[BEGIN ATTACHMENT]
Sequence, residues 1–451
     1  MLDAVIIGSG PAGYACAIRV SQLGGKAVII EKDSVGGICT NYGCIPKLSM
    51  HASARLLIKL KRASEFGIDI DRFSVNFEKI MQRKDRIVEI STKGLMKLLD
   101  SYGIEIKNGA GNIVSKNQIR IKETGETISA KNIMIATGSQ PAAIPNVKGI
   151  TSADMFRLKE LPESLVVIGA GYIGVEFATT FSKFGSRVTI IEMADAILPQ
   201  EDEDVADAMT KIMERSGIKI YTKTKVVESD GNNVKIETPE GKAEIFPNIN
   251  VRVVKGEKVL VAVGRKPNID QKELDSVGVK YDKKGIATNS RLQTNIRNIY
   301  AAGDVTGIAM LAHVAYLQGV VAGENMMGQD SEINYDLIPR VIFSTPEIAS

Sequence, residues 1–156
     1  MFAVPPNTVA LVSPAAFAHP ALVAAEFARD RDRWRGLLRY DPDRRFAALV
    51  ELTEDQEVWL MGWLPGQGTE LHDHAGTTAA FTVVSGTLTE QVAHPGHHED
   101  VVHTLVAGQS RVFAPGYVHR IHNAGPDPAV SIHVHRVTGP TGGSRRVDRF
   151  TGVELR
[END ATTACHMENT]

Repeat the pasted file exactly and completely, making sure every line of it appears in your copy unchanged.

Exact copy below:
Sequence, residues 1–451
     1  MLDAVIIGSG PAGYACAIRV SQLGGKAVII EKDSVGGICT NYGCIPKLSM
    51  HASARLLIKL KRASEFGIDI DRFSVNFEKI MQRKDRIVEI STKGLMKLLD
   101  SYGIEIKNGA GNIVSKNQIR IKETGETISA KNIMIATGSQ PAAIPNVKGI
   151  TSADMFRLKE LPESLVVIGA GYIGVEFATT FSKFGSRVTI IEMADAILPQ
   201  EDEDVADAMT KIMERSGIKI YTKTKVVESD GNNVKIETPE GKAEIFPNIN
   251  VRVVKGEKVL VAVGRKPNID QKELDSVGVK YDKKGIATNS RLQTNIRNIY
   301  AAGDVTGIAM LAHVAYLQGV VAGENMMGQD SEINYDLIPR VIFSTPEIAS

Sequence, residues 1–156
     1  MFAVPPNTVA LVSPAAFAHP ALVAAEFARD RDRWRGLLRY DPDRRFAALV
    51  ELTEDQEVWL MGWLPGQGTE LHDHAGTTAA FTVVSGTLTE QVAHPGHHED
   101  VVHTLVAGQS RVFAPGYVHR IHNAGPDPAV SIHVHRVTGP TGGSRRVDRF
   151  TGVELR